Looking at the performance of the US indices year to date, and especially at the sharp gains we have seen since the election of Donald Trump, one has to question, how sustainable and durable those gains actually are. Whilst we see no immediate concerns into year end and perhaps into the middle of January, the current valuations of US equities at a price-earnings ratio close to 19 times leaves little room for error.
We of course recognise that US markets have priced in a certain amount of fiscal stimulus in terms of tax cuts and infrastructure spending, which if implemented, would make valuations more reasonable or in some cases cheap.
However, before this happens it is perhaps…
Looking forward to late January (Trump`s inauguration on the 20th) and early February, a pullback in US equities seems likely, especially as markets start to focus on reality while the pre- inauguration honeymoon comes to an end. One statement can be made for certain, Trump is a disruptor, and we could easily imagine something similar to the “taper tantrum” – let`s call it the “Trump tantrum” – where, if he does not get his own way on corporate tax cuts, he threatens to resign.
We have already seen comments from the Senate that any fiscal stimulus needs to be budget deficit neutral. How that is going to work, is a big question. Also, we know that many in the Republican Party are not Trump’s biggest fans. This leaves room for volatility!
Another area of concern could be negative corporate profit outlooks coming from the US companies which may have been affected by the rampant strength of the US Dollar. A further sell off in the USD bond markets could also be a trigger point.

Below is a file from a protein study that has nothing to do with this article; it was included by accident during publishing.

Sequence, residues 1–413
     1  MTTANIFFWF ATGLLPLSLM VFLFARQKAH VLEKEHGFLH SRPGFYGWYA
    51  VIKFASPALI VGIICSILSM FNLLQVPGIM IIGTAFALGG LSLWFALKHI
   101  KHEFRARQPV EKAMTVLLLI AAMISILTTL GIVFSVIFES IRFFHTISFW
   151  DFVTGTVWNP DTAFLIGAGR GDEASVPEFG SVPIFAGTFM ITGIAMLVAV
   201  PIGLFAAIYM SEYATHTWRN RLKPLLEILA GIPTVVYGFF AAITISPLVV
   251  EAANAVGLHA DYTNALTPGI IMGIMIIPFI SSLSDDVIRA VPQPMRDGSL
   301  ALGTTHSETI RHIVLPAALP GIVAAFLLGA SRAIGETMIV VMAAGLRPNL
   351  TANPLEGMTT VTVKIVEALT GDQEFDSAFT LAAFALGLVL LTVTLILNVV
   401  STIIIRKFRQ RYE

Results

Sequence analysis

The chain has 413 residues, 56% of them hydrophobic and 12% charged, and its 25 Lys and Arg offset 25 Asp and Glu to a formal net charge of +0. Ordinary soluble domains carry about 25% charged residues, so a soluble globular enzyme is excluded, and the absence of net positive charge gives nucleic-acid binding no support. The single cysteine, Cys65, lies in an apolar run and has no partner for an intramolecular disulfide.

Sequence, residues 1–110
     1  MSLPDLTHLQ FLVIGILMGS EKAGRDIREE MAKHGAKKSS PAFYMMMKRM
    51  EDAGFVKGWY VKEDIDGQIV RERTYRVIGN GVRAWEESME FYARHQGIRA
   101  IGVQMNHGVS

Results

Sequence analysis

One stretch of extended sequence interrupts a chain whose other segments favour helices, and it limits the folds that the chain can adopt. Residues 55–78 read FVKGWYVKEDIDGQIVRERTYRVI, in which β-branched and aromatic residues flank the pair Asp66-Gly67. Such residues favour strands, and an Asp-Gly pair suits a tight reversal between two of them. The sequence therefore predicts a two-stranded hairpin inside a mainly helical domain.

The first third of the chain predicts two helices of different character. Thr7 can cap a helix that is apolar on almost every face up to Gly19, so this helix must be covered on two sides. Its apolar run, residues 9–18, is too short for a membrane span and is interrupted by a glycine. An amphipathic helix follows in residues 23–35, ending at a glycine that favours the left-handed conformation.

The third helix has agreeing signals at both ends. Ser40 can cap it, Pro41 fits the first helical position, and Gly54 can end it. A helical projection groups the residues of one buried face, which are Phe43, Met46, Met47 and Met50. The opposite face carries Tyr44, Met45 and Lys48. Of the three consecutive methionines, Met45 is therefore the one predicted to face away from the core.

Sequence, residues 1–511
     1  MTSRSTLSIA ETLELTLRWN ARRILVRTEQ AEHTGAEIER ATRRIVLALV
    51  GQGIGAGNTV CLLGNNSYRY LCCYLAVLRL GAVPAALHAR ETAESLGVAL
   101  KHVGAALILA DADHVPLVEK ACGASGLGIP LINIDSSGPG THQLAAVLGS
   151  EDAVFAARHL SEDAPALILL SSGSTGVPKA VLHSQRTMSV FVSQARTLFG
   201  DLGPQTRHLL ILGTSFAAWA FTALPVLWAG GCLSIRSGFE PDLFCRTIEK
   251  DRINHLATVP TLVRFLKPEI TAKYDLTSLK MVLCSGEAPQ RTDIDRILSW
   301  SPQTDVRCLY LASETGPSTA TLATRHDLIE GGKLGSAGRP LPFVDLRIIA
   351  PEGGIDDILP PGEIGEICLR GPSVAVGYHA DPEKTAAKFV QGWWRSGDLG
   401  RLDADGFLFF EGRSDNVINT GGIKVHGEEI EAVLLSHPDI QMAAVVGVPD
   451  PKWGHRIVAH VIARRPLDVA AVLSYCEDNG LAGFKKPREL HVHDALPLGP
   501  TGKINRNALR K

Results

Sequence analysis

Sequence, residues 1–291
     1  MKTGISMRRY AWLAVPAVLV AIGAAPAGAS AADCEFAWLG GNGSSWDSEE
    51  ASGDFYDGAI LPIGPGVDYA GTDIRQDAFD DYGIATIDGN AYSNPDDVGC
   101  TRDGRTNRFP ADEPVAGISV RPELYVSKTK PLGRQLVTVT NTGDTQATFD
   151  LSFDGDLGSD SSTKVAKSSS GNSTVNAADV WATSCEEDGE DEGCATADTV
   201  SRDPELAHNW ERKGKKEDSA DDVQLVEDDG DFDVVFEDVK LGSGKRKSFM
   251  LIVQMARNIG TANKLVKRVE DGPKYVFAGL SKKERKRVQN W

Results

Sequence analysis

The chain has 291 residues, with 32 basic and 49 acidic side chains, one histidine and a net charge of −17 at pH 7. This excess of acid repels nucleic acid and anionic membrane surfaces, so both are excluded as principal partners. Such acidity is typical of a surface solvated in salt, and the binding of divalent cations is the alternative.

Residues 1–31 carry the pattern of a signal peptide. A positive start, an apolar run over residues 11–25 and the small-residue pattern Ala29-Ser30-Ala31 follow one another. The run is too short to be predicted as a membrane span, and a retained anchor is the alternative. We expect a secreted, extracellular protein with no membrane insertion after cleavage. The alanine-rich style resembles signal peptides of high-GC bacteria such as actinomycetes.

We would view this pullback as a buying opportunity, but you will need to be nimble and have liquidity as our outlook for 2017 as a whole remains positive, since we expect a good part of the proposed US fiscal stimulus to go through, corporate profits to increase, and more investors to get involved with equity markets.
Europe could turn out to be a safe haven!
With a significant political risk premium built into European equities and no major political events upcoming until the French elections in April/May, we could easily envisage a period where European equities outperform.
The declining Euro and higher leverage on corporate balance sheets could provide a very strong tail wind should corporate profits increase substantially. Lower valuations could also attract international and US investors who worry about elevated prices of the US equities.
Whilst we believe that we have now entered a bear market for US bonds, it is worthwhile to remember, that even in bear markets there are rallies and in fixed income securities these tend to be vicious. While we concur that there may be at most three rate hikes in the US next year, we remain unconvinced that another three rate hike in 2018 should follow. It is entirely possible that the US 10-year bond yield could spike to 3 percent or higher, but this could well be only a short term trading opportunity as inflation expectations moderate.
The US fiscal experiment seems to work resulting in a much faster US GDP growth, severely increasing pressure on other countries to follow the formula of fiscal stimulus via tax cuts and possible state infrastructure expenditures. Even the Germans are bullied (admittedly kicking and screaming) into the experiment as their electorates put them under severe pressure.
The prospect of a return to the 1980`s mode of fiscal stimulus policy and the equity bull market, which started in 2009 or 2011 (depending on how one measures it), could turn out to be one of the longest in history running for another seven to ten years.
Your Wealth at a Glance.